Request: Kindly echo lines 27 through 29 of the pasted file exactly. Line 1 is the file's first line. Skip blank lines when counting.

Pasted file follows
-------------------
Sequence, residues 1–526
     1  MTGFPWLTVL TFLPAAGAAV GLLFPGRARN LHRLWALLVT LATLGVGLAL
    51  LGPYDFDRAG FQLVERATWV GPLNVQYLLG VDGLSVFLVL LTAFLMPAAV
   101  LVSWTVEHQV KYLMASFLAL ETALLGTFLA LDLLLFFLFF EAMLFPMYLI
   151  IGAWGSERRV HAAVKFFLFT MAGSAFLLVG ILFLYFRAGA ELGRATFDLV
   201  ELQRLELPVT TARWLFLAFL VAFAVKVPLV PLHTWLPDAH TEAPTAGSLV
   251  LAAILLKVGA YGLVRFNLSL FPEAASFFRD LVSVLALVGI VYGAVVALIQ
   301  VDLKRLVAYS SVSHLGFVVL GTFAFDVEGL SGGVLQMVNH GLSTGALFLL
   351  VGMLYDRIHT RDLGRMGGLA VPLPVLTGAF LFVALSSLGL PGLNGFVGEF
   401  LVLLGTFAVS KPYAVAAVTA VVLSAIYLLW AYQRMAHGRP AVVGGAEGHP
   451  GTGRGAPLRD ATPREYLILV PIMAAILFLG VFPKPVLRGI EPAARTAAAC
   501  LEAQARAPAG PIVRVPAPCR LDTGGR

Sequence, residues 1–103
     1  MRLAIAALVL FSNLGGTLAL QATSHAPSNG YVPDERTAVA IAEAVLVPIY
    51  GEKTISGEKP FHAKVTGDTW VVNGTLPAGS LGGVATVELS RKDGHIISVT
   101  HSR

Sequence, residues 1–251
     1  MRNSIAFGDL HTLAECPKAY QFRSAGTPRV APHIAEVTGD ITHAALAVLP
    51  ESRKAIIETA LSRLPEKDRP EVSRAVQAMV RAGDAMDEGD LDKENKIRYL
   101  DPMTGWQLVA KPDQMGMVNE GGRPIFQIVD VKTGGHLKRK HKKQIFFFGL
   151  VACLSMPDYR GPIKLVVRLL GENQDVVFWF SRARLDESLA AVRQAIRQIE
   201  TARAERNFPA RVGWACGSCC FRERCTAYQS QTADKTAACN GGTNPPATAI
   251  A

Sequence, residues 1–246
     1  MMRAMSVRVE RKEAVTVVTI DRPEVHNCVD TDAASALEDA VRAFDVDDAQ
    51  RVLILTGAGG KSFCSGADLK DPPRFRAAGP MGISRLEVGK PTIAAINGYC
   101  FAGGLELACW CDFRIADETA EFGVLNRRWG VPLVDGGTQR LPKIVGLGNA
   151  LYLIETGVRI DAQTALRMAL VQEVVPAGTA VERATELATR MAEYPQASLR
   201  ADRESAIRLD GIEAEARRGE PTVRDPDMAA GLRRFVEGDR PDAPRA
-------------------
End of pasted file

   101  FAGGLELACW CDFRIADETA EFGVLNRRWG VPLVDGGTQR LPKIVGLGNA
   151  LYLIETGVRI DAQTALRMAL VQEVVPAGTA VERATELATR MAEYPQASLR
   201  ADRESAIRLD GIEAEARRGE PTVRDPDMAA GLRRFVEGDR PDAPRA